When Evangelicals go Anglican or Presbyterian

When Evangelicals go Anglican or Presbyterian February 3, 2019

The phenomena of Evangelicals (usually of a non-denominational, baptistic, low-church variety) converting to Presbyterianism, Catholicism, Orthodox, or Anglicanism is interesting on theological and sociological levels.

Much has been written about the surge of evangelicals into liturgical churches (see here and here, plus the book Journeys of Faith: Evangelicalism, Eastern Orthodoxy, Catholicism, and Anglicanism) and this phenomenon shows no signs of abating, if anything, it is picked up steam.

For those want to know more (or just keep their disgust fresh), I recommend a few things.

First, Scott Swain discusses his move from Baptist to Presbyterian on the podcast Church Grammar.

Second, a great article Ask an Anglican Pastor where Tish Harrison Warren answers some questions on evangelicals who want to go Anglican. She answers one question with these words:

When I first began attending an Anglican church, there were things I didn’t completely get or resonate with, like making the sign of the cross. I didn’t have a theological problem or any crisis of conscience about these parts of the liturgy; I just didn’t totally understand them, but I simply began to do them anyway, and I’m now very glad I did. Pick 2-3 new liturgical practices and practice them.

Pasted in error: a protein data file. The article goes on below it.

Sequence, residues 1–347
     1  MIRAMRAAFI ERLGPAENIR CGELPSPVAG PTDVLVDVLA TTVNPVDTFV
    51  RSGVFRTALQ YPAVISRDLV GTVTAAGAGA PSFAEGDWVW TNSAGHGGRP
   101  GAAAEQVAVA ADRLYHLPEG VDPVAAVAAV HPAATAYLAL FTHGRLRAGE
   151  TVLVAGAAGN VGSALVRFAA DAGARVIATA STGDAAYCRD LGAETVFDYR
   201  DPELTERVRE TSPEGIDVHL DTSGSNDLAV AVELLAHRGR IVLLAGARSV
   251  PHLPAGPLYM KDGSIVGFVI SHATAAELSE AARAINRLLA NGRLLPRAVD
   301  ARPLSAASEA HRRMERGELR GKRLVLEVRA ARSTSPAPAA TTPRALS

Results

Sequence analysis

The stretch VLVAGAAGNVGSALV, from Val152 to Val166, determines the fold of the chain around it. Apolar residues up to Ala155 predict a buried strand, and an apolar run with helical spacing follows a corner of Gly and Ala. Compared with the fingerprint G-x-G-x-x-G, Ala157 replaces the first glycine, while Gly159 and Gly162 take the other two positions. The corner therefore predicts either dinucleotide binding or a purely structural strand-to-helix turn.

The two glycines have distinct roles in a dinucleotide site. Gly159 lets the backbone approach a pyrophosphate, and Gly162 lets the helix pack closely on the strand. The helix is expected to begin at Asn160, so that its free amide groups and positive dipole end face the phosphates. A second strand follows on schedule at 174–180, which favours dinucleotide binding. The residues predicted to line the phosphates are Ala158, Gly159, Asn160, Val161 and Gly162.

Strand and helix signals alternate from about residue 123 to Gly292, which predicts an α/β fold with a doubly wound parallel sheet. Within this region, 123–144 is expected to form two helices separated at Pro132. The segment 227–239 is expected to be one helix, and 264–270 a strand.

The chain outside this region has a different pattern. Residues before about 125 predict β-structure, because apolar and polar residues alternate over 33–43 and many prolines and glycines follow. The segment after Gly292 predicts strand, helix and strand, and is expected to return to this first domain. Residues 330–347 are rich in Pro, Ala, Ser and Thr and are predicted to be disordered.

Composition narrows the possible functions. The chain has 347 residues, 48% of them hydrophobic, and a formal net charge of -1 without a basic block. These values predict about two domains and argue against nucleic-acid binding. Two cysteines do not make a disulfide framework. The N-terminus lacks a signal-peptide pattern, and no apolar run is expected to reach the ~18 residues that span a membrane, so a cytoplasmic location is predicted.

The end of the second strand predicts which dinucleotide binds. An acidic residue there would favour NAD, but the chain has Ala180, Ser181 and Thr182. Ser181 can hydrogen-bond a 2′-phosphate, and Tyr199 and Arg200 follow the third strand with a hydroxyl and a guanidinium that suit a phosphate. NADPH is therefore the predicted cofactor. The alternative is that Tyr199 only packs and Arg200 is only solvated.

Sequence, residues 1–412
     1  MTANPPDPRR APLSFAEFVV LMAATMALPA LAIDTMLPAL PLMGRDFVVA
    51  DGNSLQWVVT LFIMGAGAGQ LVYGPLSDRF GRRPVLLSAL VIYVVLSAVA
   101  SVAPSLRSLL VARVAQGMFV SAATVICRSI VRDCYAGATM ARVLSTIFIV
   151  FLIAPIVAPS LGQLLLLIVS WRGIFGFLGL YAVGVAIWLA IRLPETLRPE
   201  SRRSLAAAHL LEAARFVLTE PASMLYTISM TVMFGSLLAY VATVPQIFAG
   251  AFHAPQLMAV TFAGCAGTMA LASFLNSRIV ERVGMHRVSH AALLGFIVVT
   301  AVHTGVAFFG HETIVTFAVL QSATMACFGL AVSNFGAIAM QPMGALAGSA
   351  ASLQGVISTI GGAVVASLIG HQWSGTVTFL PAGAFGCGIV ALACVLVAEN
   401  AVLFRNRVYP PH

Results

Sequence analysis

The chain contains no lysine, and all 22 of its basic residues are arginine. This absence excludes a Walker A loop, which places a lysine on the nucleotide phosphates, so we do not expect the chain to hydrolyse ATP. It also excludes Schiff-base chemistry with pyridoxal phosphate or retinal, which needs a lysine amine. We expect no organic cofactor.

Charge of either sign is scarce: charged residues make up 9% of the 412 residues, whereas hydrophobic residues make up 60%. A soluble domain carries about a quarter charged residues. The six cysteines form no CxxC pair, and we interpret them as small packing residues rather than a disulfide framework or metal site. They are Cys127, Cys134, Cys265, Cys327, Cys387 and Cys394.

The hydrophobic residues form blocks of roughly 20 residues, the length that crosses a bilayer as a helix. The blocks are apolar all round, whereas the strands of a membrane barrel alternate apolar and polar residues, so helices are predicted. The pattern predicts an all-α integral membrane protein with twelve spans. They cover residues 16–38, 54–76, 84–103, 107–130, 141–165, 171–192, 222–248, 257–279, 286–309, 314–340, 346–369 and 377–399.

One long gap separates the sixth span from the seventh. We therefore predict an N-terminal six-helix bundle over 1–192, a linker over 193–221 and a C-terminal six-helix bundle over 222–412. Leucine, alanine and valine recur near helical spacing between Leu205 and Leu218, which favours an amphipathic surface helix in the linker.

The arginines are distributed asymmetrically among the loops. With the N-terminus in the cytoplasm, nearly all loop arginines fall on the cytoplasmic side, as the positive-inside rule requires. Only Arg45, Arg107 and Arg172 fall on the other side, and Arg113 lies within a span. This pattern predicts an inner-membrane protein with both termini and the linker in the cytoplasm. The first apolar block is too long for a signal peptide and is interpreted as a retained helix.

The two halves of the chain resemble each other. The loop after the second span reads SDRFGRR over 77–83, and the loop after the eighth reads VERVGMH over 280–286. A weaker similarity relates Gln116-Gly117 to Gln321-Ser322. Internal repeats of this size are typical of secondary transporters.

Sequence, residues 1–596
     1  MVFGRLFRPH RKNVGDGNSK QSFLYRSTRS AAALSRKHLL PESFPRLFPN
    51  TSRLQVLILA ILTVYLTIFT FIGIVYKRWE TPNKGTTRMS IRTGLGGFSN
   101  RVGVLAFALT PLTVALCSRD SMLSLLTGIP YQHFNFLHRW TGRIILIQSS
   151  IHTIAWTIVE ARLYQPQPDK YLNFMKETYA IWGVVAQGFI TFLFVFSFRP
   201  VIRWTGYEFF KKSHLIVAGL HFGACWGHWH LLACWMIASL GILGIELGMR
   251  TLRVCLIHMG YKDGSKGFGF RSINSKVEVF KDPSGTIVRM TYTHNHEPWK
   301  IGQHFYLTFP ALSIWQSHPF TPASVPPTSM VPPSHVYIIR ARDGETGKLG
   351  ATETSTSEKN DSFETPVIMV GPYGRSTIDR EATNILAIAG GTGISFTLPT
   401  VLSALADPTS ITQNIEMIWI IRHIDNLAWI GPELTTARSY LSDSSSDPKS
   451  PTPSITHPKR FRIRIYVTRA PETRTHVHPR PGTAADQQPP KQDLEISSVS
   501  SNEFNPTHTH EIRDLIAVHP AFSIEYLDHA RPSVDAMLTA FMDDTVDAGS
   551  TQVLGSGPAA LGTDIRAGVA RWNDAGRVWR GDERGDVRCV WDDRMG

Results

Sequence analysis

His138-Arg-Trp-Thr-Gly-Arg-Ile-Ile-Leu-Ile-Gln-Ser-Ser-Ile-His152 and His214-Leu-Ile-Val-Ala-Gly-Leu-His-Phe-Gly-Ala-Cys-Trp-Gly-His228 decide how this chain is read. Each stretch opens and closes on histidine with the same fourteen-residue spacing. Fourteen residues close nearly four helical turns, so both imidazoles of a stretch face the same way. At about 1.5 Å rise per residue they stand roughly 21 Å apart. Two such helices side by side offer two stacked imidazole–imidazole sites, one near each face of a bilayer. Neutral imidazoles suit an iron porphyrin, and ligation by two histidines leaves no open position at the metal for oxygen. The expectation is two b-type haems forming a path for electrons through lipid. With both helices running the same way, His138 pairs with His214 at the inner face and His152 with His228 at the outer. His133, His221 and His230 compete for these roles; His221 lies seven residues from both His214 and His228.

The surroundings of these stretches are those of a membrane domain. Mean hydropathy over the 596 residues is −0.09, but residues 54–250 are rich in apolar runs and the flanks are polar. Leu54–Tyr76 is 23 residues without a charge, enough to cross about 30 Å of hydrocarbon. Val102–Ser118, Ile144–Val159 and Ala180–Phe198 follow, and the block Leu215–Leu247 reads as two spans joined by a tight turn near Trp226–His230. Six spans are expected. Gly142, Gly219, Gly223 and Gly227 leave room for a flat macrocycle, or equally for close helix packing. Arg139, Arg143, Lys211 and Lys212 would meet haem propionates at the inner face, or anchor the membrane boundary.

I was a Presbyterian for a long time and one thing that always amuses me is that when many (not all) Presbyterian churches start to be more “liturgical,” they stop before each practice or part of the liturgy and give a long theological explanation for it. But this is not how liturgy works.

It’s like dancing. If you stop to explain each step, you won’t ever learn to dance, much less forget the dance altogether to think about the dance partner (to use Lewis’s analogy). But I think there can be an anxiety about entering into practices if you don’t completely understand each theological nuance.

But rest in the liturgy. You will grow to understand it more bit by bit and, also, there is so much mystery in this life of faith that you won’t ever understand it. We are partaking in “holy mysteries” as the Eucharistic liturgy itself says, so throw yourself into that and be okay with trying new things just because your older brothers and sisters in the faith have done this for thousands of years.

 

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